All posts by Niall

Managing a data mountain

The world’s largest telescope, the Square Kilometre Array (SKA), is expected to generate more data in a single day than the world does in a year at present. And even its prototype, CSIRO’s ASKAP, is expected to accumulate more information within six hours of being switched on than all previous radio telescopes combined.

Such gargantuan streams of data require serious management, and that will be one of the jobs of the $80 million iVEC Pawsey Centre in Perth, which is due to be completed in 2013.

The planned Pawsey High-Performance Computing Centre for SKA Science in Perth (photo credit: Woodhead/CSIRO)

Continue reading Managing a data mountain

Putting Einstein to the ultimate test

CSIRO’s Parkes telescope records pulsar signals to try to detect gravitational waves. Credit: David McClenaghan / CSIRO

Einstein’s general theory of relativity predicts them, and they could be scattered throughout the Universe. But so far, gravitational waves— ‘ripples’ in the fabric of space and time—have never been detected. Several Australian teams of astronomers are trying to catch the first signs of one.

Continue reading Putting Einstein to the ultimate test

Mega star nursery gives birth to new knowledge

THE MASSIVE DENSE CLOUD OF HYDROGEN (SHOWN BY THE RED CONTOURS), CALLED BYF73, APPEARS TO BE COLLAPSING IN ON ITSELF DUE TO GRAVITY, FORMING HUGE PROTOSTARS (SEEN AS RED)
THE MASSIVE DENSE CLOUD OF HYDROGEN (SHOWN BY THE RED CONTOURS), CALLED BYF73, APPEARS TO BE COLLAPSING IN ON ITSELF DUE TO GRAVITY, FORMING HUGE PROTOSTARS (SEEN AS RED)

Enormous collapsing clouds of cosmic gas and dust may yield clues on how massive stars form, which is an enduring mystery of astronomy.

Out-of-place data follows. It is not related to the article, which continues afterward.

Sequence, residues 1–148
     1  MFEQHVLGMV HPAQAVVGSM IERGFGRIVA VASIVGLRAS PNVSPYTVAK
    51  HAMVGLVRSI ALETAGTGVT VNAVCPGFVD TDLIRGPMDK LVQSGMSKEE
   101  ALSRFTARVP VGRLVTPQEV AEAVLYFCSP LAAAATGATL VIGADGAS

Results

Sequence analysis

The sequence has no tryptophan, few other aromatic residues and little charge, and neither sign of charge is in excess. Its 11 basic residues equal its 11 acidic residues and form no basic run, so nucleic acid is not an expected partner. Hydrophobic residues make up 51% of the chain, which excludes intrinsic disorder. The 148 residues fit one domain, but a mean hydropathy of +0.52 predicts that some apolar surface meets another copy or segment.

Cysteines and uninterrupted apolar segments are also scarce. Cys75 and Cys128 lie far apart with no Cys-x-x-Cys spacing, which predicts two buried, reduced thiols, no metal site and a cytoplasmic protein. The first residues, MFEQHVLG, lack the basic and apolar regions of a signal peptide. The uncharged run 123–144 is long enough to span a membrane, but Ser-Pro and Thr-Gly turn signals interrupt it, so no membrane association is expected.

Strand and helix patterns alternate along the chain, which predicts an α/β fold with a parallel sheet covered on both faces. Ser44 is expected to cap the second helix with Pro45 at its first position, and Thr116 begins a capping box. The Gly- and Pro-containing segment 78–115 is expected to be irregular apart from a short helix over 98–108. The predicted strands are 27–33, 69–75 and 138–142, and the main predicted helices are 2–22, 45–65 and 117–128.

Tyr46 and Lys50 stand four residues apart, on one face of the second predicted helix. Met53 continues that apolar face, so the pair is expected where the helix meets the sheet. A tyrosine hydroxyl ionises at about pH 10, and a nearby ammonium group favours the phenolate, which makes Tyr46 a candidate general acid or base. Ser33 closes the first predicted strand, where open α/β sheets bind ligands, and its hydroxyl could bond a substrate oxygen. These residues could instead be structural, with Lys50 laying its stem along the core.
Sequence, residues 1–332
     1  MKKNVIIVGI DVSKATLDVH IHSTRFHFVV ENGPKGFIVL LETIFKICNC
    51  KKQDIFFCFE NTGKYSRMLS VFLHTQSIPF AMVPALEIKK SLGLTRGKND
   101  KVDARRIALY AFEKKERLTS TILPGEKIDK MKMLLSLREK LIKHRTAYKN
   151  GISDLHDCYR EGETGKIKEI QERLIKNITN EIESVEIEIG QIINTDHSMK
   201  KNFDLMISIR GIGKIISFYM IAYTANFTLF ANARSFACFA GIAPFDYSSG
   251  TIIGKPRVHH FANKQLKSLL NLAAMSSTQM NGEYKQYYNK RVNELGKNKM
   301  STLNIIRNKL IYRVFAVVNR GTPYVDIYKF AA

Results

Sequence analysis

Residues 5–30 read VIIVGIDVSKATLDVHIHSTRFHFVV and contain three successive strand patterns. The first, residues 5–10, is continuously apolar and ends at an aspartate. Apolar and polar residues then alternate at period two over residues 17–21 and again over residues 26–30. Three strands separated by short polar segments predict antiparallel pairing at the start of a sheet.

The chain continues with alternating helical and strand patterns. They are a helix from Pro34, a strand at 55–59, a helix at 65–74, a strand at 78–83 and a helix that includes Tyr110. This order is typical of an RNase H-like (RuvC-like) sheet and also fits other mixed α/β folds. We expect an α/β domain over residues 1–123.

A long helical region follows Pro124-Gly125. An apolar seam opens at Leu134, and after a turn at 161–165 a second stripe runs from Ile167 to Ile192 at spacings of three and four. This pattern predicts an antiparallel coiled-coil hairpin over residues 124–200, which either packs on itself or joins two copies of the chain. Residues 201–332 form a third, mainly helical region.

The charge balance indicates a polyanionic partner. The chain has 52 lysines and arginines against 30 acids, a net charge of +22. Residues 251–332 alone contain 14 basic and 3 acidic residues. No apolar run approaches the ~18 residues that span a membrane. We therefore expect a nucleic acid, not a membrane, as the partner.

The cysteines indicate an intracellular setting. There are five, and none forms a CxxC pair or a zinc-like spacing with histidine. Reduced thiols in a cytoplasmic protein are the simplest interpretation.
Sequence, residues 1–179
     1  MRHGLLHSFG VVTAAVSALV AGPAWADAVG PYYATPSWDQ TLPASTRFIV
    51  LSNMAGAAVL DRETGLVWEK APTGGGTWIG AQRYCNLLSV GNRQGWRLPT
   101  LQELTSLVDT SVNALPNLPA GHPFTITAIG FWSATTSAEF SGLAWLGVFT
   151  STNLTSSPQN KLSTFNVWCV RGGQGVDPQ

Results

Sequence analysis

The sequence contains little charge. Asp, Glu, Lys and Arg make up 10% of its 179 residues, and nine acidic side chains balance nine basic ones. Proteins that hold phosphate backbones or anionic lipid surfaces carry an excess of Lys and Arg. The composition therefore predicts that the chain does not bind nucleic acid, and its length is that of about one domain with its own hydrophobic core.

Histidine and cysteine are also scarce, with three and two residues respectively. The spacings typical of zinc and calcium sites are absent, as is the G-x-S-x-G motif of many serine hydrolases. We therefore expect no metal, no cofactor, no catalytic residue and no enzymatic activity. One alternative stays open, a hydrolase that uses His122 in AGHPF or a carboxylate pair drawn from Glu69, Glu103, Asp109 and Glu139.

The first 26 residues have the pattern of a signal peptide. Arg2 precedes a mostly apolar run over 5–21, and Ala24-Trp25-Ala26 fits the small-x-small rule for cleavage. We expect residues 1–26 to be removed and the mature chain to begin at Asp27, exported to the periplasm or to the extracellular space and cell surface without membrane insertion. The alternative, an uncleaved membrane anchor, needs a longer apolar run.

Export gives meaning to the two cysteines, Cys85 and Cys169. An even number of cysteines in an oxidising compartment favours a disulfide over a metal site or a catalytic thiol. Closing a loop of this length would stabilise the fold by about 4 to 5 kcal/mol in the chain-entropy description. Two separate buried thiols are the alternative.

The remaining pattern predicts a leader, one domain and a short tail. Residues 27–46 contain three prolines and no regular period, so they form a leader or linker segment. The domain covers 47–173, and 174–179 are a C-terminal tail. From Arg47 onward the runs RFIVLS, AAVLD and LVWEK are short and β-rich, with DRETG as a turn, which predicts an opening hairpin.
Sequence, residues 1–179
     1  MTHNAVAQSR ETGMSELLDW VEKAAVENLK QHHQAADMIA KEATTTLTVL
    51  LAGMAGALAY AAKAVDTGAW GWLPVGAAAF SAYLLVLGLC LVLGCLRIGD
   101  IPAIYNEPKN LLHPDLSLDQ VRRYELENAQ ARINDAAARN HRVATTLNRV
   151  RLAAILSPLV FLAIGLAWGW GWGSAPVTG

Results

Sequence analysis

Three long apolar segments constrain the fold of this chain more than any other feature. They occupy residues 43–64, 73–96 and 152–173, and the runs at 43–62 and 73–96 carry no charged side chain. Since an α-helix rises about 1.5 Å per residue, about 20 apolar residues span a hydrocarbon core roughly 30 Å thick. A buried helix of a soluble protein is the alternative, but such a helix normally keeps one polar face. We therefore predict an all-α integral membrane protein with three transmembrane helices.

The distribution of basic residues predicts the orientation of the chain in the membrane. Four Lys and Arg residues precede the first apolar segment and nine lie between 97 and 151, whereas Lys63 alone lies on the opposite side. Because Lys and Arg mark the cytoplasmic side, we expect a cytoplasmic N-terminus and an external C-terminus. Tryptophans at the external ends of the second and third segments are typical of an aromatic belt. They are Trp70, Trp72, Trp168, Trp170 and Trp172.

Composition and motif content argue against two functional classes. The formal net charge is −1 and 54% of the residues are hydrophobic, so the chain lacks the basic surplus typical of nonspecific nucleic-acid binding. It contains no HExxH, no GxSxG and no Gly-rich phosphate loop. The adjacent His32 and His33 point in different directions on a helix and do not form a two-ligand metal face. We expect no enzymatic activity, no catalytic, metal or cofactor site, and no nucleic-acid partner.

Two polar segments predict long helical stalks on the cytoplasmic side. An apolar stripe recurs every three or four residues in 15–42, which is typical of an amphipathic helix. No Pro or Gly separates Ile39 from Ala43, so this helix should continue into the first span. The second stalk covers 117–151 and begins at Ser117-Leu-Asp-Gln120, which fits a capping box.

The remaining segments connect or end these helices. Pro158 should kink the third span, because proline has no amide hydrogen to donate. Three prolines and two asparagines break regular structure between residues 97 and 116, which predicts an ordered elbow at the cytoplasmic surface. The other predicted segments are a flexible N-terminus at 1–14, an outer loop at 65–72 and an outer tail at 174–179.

One such cloud, called BYF73, has been studied by a research team using CSIRO’s Mopra radio telescope. Peter Barnes, an Australian researcher working at the University of Florida in the US, leads the team. The massive hydrogen cloud is collapsing in on itself and will probably form a huge cluster of young stars. Continue reading Mega star nursery gives birth to new knowledge

Recording the impact of a super-massive black hole

PARTICLES EMITTING RADIO WAVES STREAM MILLIONS OF LIGHT-YEARS INTO SPACE FROM THE HEART OF THE GALAXY CENTAURUS A. CREDIT: ILANA FEAIN, TIM CORNWELL & RON EKERS (CSIRO). ATCA NORTHERN MIDDLE LOBE POINTING COURTESY R. MORGANTI (ASTRON), PARKES DATA COURTESY N. JUNKES (MPIFR).
PARTICLES EMITTING RADIO WAVES STREAM MILLIONS OF LIGHT-YEARS INTO SPACE FROM THE HEART OF THE GALAXY CENTAURUS A. CREDIT: ILANA FEAIN, TIM CORNWELL & RON EKERS (CSIRO). ATCA NORTHERN MIDDLE LOBE POINTING COURTESY R. MORGANTI (ASTRON), PARKES DATA COURTESY N. JUNKES (MPIFR).

At the centre of a nearby galaxy lurks an object of huge interest, a super-massive black hole. CSIRO scientists have used their radio telescopes to take a picture of the galaxy surrounding it, a task some thought could not be done, because of the sheer size and radio brightness of the scene. The image of Centaurus A took about 1,200 hours of observations and a further 10,000 hours of computer processing to put together, but the work is already beginning to bear fruit.

“We didn’t generate this image just to make a pretty picture,” says lead scientist Ilana Feain of CSIRO Astronomy and Space Science. “We want to understand in detail how the energy from super-massive black holes influences the formation and evolution of their host galaxies.” Continue reading Recording the impact of a super-massive black hole

Alice Springs—gateway to the stars

A BALLOON LAUNCH AT ALICE SPRINGS. CREDIT: R. SOOD.
A BALLOON LAUNCH AT ALICE SPRINGS. CREDIT: R. SOOD.

Scientists are using the unique advantages of Australia’s Red Centre to conduct high-altitude balloon flights for astronomical research. The clear air and low population of central Australia make it the ideal location for balloon-based research.

For most types of astronomy, observatories are typically built high on the tops of mountains, far out in space or high in the sky, dangling from 150-metre-tall helium balloons. Continue reading Alice Springs—gateway to the stars

Japanese spacecraft calls Australia home

AN ARTIST’S IMPRESSION OF THE HAYABUSA SPACECRAFT APPROACHING THE ASTEROID ITOKAWA. CREDIT: A. IKESHITA/MEF/ISAS.
AN ARTIST’S IMPRESSION OF THE HAYABUSA SPACECRAFT APPROACHING THE ASTEROID ITOKAWA. CREDIT: A. IKESHITA/MEF/ISAS.